Doors Open Ottawa - June 3 and 4 - Your chance to know what exactly happens behind closed doors

Ever walk, cycle, or drive by a historical or iconic building you frequently see and be curious what lies behind its closed doors. How is it designed? What happens in the building? What stories can the walls tell? Well, mark Saturday, June 3 and Sunday, June 4 on your calendars as your chance to actually open the door and peek inside. It’s time for the 21st annual Doors Open Ottawa event!

This year, over 90 buildings will be giving behind-the-door tours both in-person and virtually. See the full list of buildings online at ottawa.ca/doorsopen, along with a guide that you can use on your handheld device to help guide you on your day journey or print out a copy to carry with you.

This year, the Ottawa Regional Society of Architects (ORSA) has teamed up with Doors Open Ottawa for a photo contest. Participants are invited to send in photos during Doors Open Ottawa weekend that captures a building’s architectural design, historical significance, or contemporary look. A winner will be selected for each of the five categories, who will win a gift certificate from a local business and the winning photos will be featured in ORSA promotions, include Ottawa Architecture Week. Visit ottawa.ca/doorsopen for contest rules.

Here are some of the buildings and facilities featured this year:

Connaught Building – 555 Mackenzie Avenue

Connaught Building, castle-like building and blue sky

This majestic building, sitting between Mackenzie Avenue and Sussex Drive, near Wellington Street, is the crown jewel for the Canada Revenue Agency. It was named after the Duke of Connaught, who officially opened the building in 1915. He was the third son of Queen Victoria and served as Canada’s Governor General from 1911 to 1914. The building is designated as federal heritage building due to its architectural significance and will be open 10 am to 4 pm for Saturday, June 3 and Sunday, June 4.

Ottawa Main Mosque – 251 Northwestern Ave

Ottawa Main Mosque, it’s dome and tower silhouetted at sunset

A familiar building that cannot be missed when travelling along Scott Street, the Ottawa Mosque was the first mosque in Ottawa and it is also one of the oldest mosques in Canada. The building, which can hold up to 900 people, has a distinctive architectural design, with a raised minaret and central dome. The Ottawa Mosque has a very diverse congregation, which is reflected in its structure and decoration. The mosque will be open 10 am to 4 pm for both June 3 and 4.  But for the Ottawa Mosque, its doors are open every day and everyone is always welcome.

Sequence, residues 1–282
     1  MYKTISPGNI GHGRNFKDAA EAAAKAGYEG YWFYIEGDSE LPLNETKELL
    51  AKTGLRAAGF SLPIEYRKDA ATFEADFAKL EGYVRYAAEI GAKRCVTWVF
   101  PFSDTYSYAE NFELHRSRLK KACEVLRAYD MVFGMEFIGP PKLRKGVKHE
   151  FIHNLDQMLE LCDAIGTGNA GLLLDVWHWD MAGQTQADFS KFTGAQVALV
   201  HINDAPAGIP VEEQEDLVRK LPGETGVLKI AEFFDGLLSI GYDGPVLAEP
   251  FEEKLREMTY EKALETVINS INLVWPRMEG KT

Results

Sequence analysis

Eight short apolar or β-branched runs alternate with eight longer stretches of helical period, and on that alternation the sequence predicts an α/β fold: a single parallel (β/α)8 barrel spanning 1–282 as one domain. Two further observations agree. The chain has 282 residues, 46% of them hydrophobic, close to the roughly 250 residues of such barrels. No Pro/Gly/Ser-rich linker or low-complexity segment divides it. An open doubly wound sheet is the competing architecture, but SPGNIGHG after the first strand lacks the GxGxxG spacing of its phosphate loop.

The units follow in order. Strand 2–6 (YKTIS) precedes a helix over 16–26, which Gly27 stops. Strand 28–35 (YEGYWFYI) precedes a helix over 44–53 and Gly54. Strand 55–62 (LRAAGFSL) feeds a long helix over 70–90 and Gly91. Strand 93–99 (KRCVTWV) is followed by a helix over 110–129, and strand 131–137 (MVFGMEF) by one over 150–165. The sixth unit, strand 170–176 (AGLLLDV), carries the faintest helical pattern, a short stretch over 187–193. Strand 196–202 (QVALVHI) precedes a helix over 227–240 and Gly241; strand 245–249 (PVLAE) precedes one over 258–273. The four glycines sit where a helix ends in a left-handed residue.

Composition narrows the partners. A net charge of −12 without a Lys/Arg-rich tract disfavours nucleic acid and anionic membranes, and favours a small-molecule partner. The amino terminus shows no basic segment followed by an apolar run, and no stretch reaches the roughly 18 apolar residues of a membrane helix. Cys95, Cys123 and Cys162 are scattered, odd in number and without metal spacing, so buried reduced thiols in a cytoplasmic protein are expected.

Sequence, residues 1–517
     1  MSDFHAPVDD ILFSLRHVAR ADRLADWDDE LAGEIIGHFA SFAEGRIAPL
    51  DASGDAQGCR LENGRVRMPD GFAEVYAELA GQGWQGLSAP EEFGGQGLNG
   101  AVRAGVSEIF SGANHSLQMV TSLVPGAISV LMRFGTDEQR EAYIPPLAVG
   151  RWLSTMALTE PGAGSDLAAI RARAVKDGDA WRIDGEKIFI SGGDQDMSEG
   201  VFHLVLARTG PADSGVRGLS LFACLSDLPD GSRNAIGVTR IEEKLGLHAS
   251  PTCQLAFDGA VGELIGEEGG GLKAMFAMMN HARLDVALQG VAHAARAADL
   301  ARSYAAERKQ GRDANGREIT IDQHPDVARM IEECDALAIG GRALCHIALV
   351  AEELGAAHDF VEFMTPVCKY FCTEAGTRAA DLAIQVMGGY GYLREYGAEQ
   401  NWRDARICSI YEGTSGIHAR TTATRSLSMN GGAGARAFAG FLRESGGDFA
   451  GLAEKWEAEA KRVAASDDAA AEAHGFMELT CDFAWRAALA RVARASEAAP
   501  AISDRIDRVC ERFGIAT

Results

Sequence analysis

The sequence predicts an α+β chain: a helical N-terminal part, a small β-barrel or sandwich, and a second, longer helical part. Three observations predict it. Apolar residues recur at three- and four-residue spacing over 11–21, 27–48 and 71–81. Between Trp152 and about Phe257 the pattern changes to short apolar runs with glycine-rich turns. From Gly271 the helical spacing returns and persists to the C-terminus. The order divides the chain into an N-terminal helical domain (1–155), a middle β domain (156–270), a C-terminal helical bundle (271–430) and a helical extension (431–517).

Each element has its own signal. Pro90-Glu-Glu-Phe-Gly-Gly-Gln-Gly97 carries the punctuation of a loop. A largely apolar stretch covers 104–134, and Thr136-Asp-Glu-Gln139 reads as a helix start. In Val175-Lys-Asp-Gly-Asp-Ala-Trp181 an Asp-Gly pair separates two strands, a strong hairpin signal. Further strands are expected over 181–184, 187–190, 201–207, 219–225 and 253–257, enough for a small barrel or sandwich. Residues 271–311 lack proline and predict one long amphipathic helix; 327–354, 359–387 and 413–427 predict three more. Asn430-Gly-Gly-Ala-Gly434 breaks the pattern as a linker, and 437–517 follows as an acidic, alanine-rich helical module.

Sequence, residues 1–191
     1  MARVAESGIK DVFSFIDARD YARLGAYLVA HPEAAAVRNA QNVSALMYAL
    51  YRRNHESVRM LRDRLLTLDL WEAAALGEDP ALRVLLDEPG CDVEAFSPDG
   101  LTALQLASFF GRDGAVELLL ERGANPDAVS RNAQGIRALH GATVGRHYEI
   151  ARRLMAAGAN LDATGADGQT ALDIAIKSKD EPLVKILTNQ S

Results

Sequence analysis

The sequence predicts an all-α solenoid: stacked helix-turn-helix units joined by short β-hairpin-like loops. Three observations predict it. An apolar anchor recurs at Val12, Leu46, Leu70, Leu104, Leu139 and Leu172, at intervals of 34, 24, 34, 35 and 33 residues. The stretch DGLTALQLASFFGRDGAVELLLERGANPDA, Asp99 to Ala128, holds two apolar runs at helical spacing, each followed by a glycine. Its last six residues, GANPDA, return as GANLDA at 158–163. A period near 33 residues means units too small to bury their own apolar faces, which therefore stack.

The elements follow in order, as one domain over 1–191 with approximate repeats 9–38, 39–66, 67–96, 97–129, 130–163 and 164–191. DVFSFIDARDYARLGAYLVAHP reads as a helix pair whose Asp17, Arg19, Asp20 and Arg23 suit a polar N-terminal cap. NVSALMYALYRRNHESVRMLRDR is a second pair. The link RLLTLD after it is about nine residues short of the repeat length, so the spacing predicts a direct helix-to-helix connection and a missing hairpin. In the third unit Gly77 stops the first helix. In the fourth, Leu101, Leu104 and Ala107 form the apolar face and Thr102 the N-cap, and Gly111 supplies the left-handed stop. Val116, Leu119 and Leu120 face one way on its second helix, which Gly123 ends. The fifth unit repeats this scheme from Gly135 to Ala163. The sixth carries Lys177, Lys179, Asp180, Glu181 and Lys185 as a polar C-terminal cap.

Circle of Nations Learning Centre – 1 Observatory Crescent, building #2

 

Nations Learning Centre – a house with a large balcony, red brick at dusk.

Nestled on the landscaped grounds at the Central Experimental Farm, the Circle of Nations Learning Centre is associated with Canadian research in astronomy and geophysics. The building, known as the Observatory House, served as the official residence to the Dominion Chief Astronomer for many years, which included William King, R.M. Stewart and C.S. Beale. It also housed laboratories in the basement for magnetic survey work and other research. The building was built in 1909, shortly after construction of the Dominion Observatory. The building is only open Saturday, June 3 from 10 am to 4 pm.

Take advantage of this free event to see these architecturally and historically rich buildings. Also, be sure to get a real flavour of Ottawa by visiting local businesses, shops and restaurants on your tour to make your day complete.

More importantly, Doors Open Ottawa weekend is your opportunity to finally answer that burning question, “I wonder what the building looks inside?” 

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